Halo 4 isn’t coming to the PC, and that’s a mistake
Halo 4 is a good game, and I think you should buy it when it comes out tomorrow, if you’re even remotely interested in first-person shooters. You can read our reviews of the campaign and multiplayer aspects of the game. Halo 4 is also one of the best-looking games of the current generation, to the point that I thought the first level was based on some kind of trick.
If it looks this good on the 360, I can’t imagine how it would look on a high-end PC, with resolution jacked up and a higher frame rate. Of course, that’s not going to happen.
“Halo 4 was designed specifically for Xbox 360, and while we’re always exploring new ways to expand the franchise and share the Halo experience with as many fans as possible, we do not currently have any plans to port Halo 4 to PC,“ a Microsoft spokesperson told the Penny Arcade Report.
Microsoft obviously thinks that Halo 4 has more value pushing its consoles than it would have merely selling software to PC gamers as a whole, but there is still a missed opportunity here. There is some precedent here, as Halo was released for the PC in 2003 after its debut on the Xbox. The Gearbox-developed port offered a few new multiplayer maps and weapons, and it was promised that players would be able to make and share their own maps. That never happened. Halo 2 was released for the PC as a Vista exclusive, although it had to be delayed due to the hidden image of a naked rear in the game’s code.
That was the last Halo title to see a release on the PC. Those among Microsoft itself knew that the franchise was being wasted with third-party ports and artificial exclusion to try to move operating systems. I once spoke with a member of the Games for Windows team, years ago, and asked which game he would pick to host on the service if he had the run of the entire industry.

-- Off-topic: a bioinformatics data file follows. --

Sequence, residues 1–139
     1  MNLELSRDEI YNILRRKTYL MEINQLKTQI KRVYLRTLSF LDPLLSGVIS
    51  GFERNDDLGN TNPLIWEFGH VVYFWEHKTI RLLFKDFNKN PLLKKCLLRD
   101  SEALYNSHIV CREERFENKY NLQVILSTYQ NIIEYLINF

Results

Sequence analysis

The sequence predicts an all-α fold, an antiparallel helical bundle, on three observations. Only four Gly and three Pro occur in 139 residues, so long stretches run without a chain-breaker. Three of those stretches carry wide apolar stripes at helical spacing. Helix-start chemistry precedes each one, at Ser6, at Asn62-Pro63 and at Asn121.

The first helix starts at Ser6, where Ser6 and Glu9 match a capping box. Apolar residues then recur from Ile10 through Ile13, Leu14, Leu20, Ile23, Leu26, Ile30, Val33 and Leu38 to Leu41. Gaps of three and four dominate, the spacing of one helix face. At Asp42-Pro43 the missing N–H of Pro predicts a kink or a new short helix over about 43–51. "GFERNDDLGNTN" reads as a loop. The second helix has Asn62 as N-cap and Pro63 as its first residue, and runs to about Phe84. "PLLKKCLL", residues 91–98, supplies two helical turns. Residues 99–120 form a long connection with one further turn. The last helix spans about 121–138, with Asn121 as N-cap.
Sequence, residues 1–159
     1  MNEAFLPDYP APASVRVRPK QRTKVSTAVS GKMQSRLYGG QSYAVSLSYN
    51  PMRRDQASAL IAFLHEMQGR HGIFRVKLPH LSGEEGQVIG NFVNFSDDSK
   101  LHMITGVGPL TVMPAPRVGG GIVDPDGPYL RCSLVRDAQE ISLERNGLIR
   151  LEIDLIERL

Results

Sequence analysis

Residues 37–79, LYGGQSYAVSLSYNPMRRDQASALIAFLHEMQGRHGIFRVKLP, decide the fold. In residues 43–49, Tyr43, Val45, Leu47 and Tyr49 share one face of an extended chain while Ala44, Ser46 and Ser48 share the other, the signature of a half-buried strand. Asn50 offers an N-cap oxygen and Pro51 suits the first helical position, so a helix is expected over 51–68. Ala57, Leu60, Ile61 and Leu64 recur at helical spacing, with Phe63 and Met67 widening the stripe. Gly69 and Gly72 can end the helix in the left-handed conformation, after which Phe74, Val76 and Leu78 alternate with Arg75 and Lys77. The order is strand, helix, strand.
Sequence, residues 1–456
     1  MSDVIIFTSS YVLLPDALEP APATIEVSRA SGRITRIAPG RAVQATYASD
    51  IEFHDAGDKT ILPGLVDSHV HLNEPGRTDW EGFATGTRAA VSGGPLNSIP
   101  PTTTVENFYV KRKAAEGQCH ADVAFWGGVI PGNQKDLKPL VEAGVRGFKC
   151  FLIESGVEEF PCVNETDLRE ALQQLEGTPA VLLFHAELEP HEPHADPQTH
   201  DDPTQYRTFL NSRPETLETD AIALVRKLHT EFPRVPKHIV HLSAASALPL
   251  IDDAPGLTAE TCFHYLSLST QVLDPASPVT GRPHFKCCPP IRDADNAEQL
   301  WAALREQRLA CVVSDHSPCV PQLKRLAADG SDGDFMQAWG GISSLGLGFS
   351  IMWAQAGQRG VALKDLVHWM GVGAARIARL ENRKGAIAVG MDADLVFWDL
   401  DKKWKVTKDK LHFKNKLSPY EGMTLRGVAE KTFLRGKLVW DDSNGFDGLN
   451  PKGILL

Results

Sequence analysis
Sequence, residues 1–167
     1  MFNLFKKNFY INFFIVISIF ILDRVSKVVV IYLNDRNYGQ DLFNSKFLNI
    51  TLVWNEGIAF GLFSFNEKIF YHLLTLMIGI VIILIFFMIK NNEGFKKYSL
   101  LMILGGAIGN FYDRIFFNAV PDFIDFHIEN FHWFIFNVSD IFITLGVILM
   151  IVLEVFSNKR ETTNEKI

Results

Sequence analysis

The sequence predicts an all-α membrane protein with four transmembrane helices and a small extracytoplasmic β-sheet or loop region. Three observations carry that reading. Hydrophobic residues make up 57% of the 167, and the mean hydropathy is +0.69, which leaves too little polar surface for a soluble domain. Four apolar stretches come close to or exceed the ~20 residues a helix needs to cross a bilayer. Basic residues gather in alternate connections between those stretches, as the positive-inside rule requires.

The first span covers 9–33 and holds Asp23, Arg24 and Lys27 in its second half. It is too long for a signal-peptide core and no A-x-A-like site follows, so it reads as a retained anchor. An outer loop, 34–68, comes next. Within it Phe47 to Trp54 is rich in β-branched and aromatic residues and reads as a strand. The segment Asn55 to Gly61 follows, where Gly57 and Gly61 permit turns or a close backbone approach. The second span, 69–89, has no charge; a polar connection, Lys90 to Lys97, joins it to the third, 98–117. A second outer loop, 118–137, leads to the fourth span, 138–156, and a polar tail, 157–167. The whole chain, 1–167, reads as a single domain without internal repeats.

“This is going to sound self-serving,” I was told, “But Halo 3. Absolutely.” It doesn’t hurt that Microsoft once again has a new operating system to push, and launching Halo 4 with Windows 8-specific features or bonuses could have been a selling point; the power of the Halo brand has only grown since the early games.
Halo 4 also comes with a full suite of content creation tools and ways to share game types and new content, and it’s hard not to get excited about what could be if players were allowed to use the Forge with a mouse and keyboard, along with the ability to upload and share content with other players.
PC gamers tend to look down their nose at Halo and other console-specific franchises, but Halo has always offered a game with pacing, weapons, and tactics that feel unique. It’s a title that sits close to the best the PC has to offer, and in terms of community-building tools it trumps the closed nature of many modern PC games. Who thought that would happen?
A high quality port, released to help build buzz about Windows 8, would almost surely recoup the investment needed to make the game happen. It would also be a good way for Microsoft to prove that it still cares about PC gaming. The story of Halo on the PC is a story of Microsoft's failings as a company. Bungled ports, poorly thought-out exclusivity, and a lack of communication and sharing of resources between divisions has always kept Microsoft from turning Halo into a powerhouse on the PC.
Hell, even if they were to release a port now, do you think it would be sold on Steam? Or that Microsoft wouldn't shackle it with the terrible Games for Windows Live service, or whatever they're calling it on Windows 8? Even the branding is a mess; I do this for a living and I'm trying to sort out the insanity of something called Xbox Music on a PC.
Halo 4 is the best game in the series, and sadly it stands to point out how poorly Microsoft has handled the PC end of its gaming business. It's a wonderful game, but a missed opportunity.